Like many parallel processing mechanisms, splitting a large system into multiple smaller systems for simpler and parallel processing is a common demand. For a more robust subdivision mechanism, one may not want to (sometimes it is impossible to) split the large system in an independent or orthogonal fashion. Nevertheless the subsequent fusion process must take into account a coherent and precise combination after the parallel subsystem processing.

Fusion frame systems are created to fit such needs as well. It allows for subdivision with overlaps for parallel processing, followed by a coherent and precise fusion combination. Fusion frame theory is also equipped with a weighted coherent combination of subsystems. It is designed for applications where losses and/or inaccuracy of some subsystem information occur. Weighted coherent combination can then be used to weigh-in more dependable subspace information and weigh-out less reliable ones for an efficient approximation.

Depending on applications, some may have a set of local projections {PWjf} of the signal at hand, where the fusion process is given by, via the inverse of the fusion frame operator SW,

               ∑         (     )
∀f ∈ H,    f =     v2iS -W1 PWj f  .

Such applications occur in, e.g., sensor networks,1 and geophones in geophysics measurements.2 Some other applications, on the other hand, may need to have the measurement coefficients of a signal {⟨f,fij⟩} (such as in parallel processing of large frame systems), then the fusion process can also be written as

               ∑    2∑           -1(   )
∀f ∈ H,    f =     vi    〈f,fij〉S W   ˜fij  .
                i∈I   j∈Ji

The fusion procedures (1) and (2) both have their needs and advantages in actual practical applications. Though much is still to be learned, some superficial computational complexity of (1) and (2) can be assessed. Procedure (1) has Ioperations of SW-1 over local projections, followed by Iscalar-vector multiplications. Meantime, procedure (2) requires i∈IJi operations of SW-1 over local dual frames {˜f ij} and i∈IJi follow-up scalar-vector multiplications. (1) therefore seems to have generally less computational complexity except that the Ioperations of applying SW-1 must be carried out real-time or “on-line”, whereas the largerS W-1 operation requirement in (2) can be carried out “off-line” prior to reconstruction needs, which often-times can be advantageous.

We must point out that much is still to be studied in the application of fusion frames in parallel processing. Some involves inevitable fusion frame modeling and thereby natural parallel processing and fusion operations. These include various sensor network data fusion applications with preliminary reports.3 More challenge problems lie in large system subdivision for the purpose of efficient parallel processing. One must not forget that one key step at measuring the efficiency of the fusion operation is the evaluation of SW-1 itself and the multiplications necessary when SW-1 is applied. Unless S W and SW-1 are sufficiently sparse, all gains in parallel processing may simply be lost in the evaluation and application of SW-1 at the end. This obviously has a lot to so with subspace division of which some have been studied,4 5 which is also highly relevant to sparse representation of fusion frames as well. The subspace division is so delicate that there is no “linearity” here as the fusion frame operators SW, for two extreme cases H = i∈IWi and H = Wi (i ∈ I), are both identities up to a multiple constant.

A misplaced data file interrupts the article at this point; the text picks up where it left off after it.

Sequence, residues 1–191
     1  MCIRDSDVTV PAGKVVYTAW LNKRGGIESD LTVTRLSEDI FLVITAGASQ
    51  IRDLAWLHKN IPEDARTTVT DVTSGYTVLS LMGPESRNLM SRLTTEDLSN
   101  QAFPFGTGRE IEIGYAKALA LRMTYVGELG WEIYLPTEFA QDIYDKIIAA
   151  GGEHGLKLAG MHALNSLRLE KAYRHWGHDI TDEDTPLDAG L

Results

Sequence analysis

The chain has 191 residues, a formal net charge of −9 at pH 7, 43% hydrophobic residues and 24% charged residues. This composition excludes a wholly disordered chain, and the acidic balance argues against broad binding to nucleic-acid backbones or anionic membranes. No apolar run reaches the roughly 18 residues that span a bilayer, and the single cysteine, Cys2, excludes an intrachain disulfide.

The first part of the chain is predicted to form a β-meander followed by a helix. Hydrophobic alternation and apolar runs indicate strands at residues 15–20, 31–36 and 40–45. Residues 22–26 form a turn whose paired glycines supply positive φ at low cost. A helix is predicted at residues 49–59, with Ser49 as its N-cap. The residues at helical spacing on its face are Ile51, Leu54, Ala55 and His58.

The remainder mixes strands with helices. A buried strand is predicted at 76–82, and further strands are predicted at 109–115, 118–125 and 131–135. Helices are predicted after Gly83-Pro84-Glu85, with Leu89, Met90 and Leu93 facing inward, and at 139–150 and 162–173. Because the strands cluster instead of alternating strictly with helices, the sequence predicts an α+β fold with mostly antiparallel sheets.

We would also like to mention that domain decomposition6 is much relevant to the fusion frame mechanism. It might be possible to employ methods from domain decomposition such as Schwartz multiplicative and additive alternating algorithms for computing SW-1 “on-line” by using local inversions.ibid. Details are to be carried out.

1S. S. Iyengar and R. R. Brooks, eds., Distributed Sensor Networks, Chapman & Hall/CRC, Baton Rouge, 2005.

2M. S. Craig and R. L. Genter, Gophone array formation and semblance evaluation, Geophysics 71, 2006, 1–8.

3P. G. Casazza, G. Kutyniok, S. Li, and C. J. Rozell, Modeling Sensor Networks with Fusion Frames, Wavelets XII (San Diego, CA, 2007), 67011M-1–67011M-11, SPIE Proc. 6701, SPIE, Bellingham, WA, 2007.

4A. Pezeshki, G. Kutyniok, and A. R. Calderbank, Fusion frames and Robust Dimension Reduction. 42nd Annual Conference on Information Sciences and Systems (CISS) (Princeton University, NJ, 2008)

5G. Kutyniok, A. Pezeshki, R. Calderbank, and T. Liu, Robust Dimension Reduction, Fusion Frames, and Grassmannian Packings. Appl. Comput. Harmon. Anal., to appear

6A. Toselli and O. Widlund, Domain Decomposition Methods - Algorithms and Theory, Springer Series in Computational Mathematics 34, Springer-Verlag, Berlin, 2005.